Development of the Leadership Capacity of School Librarians in New York State (2017)
Jennifer C. Cannell (Cap Region BOCES), Sage Graduate School
Readers of professional journals aimed at school librarians are led to believe that the role of a school librarian is that of a leader. Articles focus on change, innovation, collaboration, and empowerment of others while terms such as “instructional leader” and “technology leader” are scattered throughout. The literature emphasizes the role of school librarians as teacher leaders through their unique position within schools (Dotson & Jones, 2011; Johnston, 2013; Weisburg, 2016).
Leadership, with its multiple meanings, is somewhat ambiguous (Cosenza, 2015; Phillips, 2014). This study examined the leadership role of school librarians as well as the ways in which school librarians develop leadership capacity. Qualitative research methods were utilized and data was collected through interviews with 9 directors of school library systems and 9 school librarians from across New York State.
The findings from this study indicate that directors and librarians believe that school librarians are teacher leaders. Leadership capacity can be developed through a variety of opportunities, including professional development. This development is dependent on both internal and external factors that influence individuals. The beliefs and dispositions of school librarians impacts leadership growth. External conditions, such as support from administrators, also have a correlation in developing capacity. Directors of school library systems are actively working to create the opportunities for librarians to become teacher leaders through professional development, information sharing, and advocacy.
Several recommendations are offered from this study. The most substantial recommendation is creating a systematic, statewide approach to ensuring that all school librarians have multiple opportunities to grow as teacher leaders. In addition, directors of school library systems are encouraged to begin recognizing librarians as teacher leaders so that librarians have the provocation needed to begin seeing themselves as leaders. Participants of this study made it clear that outside recognition had much to do with the way individuals saw themselves.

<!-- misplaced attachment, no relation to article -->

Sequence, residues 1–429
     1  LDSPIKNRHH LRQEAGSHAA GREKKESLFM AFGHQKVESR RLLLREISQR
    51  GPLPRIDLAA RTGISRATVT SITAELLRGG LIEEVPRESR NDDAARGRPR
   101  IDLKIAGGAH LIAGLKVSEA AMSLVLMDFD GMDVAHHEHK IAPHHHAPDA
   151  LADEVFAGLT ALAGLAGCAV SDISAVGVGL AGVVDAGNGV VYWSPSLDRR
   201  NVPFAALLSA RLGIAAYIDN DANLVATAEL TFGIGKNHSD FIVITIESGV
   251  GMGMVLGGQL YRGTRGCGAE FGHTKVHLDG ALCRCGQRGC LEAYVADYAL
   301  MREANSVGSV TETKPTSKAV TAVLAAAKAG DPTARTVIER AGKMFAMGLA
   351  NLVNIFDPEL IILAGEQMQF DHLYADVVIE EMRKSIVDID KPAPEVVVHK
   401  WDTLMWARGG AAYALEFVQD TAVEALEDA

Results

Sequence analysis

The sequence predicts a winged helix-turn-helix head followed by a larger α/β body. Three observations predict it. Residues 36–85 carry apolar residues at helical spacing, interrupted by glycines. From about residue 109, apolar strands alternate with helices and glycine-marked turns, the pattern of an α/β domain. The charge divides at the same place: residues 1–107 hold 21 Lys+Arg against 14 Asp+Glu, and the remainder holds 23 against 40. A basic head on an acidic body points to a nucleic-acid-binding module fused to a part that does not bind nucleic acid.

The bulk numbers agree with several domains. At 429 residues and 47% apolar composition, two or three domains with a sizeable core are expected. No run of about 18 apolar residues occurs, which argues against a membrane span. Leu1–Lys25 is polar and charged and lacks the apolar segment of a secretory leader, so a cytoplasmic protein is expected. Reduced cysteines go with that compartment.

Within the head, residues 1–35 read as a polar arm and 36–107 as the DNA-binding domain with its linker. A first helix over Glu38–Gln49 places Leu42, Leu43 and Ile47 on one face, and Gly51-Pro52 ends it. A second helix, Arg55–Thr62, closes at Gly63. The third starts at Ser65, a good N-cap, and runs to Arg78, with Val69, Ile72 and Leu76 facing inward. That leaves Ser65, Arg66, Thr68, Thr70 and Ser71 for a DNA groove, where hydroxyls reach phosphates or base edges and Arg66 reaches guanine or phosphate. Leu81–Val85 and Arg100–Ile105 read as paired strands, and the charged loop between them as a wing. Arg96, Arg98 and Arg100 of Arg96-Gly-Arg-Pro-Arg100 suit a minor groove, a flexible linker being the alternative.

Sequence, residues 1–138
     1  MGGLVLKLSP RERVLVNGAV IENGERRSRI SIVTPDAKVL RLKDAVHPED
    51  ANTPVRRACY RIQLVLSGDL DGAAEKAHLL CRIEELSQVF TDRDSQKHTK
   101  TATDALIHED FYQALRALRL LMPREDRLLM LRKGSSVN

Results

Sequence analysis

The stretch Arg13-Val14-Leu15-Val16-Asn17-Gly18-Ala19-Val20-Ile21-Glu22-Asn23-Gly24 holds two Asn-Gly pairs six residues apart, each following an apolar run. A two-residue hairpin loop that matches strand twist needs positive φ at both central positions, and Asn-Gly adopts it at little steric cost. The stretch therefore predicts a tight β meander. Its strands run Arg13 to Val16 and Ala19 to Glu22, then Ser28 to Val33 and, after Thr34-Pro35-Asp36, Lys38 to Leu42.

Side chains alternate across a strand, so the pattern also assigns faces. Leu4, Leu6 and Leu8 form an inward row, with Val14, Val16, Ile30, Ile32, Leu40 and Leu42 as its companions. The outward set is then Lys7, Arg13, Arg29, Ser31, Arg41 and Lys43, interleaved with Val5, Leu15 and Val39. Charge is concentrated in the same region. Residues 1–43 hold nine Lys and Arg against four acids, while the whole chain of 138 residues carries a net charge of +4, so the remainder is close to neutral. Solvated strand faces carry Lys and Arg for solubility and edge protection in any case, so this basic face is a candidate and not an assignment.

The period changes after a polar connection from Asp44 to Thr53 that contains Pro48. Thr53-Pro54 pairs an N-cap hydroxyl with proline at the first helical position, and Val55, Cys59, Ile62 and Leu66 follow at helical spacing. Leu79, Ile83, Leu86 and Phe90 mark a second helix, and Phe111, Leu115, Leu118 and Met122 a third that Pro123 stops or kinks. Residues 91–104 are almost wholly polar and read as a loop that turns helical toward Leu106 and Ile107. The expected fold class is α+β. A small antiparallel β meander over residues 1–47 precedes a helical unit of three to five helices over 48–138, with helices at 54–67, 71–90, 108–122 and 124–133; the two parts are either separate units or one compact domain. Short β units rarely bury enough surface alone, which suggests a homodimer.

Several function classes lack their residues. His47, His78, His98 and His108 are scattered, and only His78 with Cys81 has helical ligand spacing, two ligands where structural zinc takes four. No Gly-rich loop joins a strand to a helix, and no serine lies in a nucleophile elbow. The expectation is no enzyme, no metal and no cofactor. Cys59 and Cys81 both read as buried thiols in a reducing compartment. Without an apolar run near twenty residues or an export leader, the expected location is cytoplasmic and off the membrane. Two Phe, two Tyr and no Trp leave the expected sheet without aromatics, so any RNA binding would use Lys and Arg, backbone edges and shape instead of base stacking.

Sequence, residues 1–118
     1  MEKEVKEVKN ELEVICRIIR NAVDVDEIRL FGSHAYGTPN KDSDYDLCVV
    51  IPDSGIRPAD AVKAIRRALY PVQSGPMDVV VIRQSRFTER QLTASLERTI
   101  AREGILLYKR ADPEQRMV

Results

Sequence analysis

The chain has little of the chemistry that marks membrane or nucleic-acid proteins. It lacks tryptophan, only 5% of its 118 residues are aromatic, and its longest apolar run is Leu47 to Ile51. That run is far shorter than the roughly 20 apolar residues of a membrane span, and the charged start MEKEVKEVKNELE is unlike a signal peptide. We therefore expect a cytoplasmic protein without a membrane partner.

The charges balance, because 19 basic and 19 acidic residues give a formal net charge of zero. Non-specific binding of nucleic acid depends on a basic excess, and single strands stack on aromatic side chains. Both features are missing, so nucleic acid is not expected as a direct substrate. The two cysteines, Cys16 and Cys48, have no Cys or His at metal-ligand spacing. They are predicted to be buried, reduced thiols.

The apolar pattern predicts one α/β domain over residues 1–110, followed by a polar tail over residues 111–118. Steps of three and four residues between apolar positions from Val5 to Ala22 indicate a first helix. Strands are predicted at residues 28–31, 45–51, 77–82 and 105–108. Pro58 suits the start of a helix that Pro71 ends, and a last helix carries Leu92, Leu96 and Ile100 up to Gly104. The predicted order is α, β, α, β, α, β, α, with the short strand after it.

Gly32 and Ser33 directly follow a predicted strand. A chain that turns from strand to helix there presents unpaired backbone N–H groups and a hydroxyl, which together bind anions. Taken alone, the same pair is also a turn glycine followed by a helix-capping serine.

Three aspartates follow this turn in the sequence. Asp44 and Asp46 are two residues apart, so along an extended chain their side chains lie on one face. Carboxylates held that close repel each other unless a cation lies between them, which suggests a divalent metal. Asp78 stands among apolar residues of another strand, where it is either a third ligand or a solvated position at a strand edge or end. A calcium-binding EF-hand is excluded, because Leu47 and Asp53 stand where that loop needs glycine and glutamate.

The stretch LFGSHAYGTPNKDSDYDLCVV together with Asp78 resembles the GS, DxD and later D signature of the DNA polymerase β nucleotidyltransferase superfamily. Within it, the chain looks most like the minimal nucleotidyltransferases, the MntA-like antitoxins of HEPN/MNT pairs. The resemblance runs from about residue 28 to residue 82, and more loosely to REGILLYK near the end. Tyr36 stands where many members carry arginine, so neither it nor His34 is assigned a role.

Teaching the Voices of History Through Primary Sources and Historical Fiction: A Case Study of Teacher and Librarian Roles (2011)
Barbara Stripling (NYC SLS Retired), Syracuse University
The ability to analyze alternative points of view and to empathize (understand the beliefs, attitudes and actions of another from the other’s perspective rather than from one’s own) are essential building blocks for learning in the 21st century. Empathy for the human participants of historical times has been deemed by a number of educators as important for the development of historical understanding. The classroom teacher and the school librarian both have a prominent stake in creating educational experiences that foster the development of perspective, empathy, and understanding.
This case study was designed to investigate the idea that teaching with primary sources and historical novels during historical inquiry enhances students’ development of cognitive and emotive empathy. The study was framed around two research questions: How do classroom teachers and school librarians design and teach historical inquiry using historical novels and primary sources? What is the impact of teaching with historical novels and primary sources on the development of historical empathy?
The case study was conducted in an English/history humanities block and the school library in a New York City secondary school. Data were collected through classroom observations, interviews with the classroom teachers and librarian, and samples of student work. On the use of primary sources and historical novels, the study found that primary sources must be surrounded by context to be useful to students in their learning, that secondary sources were necessary for providing that context, and that historical fiction provides social context, but its use must be scaffolded to help students distinguish fiction from fact. In addition, the study found that unless library linkages to primary sources are embedded in classroom instruction, they are not used by students or teachers.
In answer to the second research question, the study found that primary sources have a strong impact on the development of historical empathy if their use is mediated by a teacher or librarian and that cognitive empathy must be developed before emotive empathy. Finally, this case study showed that a school librarian’s effectiveness is diminished by fulfilling a resource-provider role with no integration into classroom instruction.
Link to the open access version at Syracuse University: https://surface.syr.edu/it_etd/66/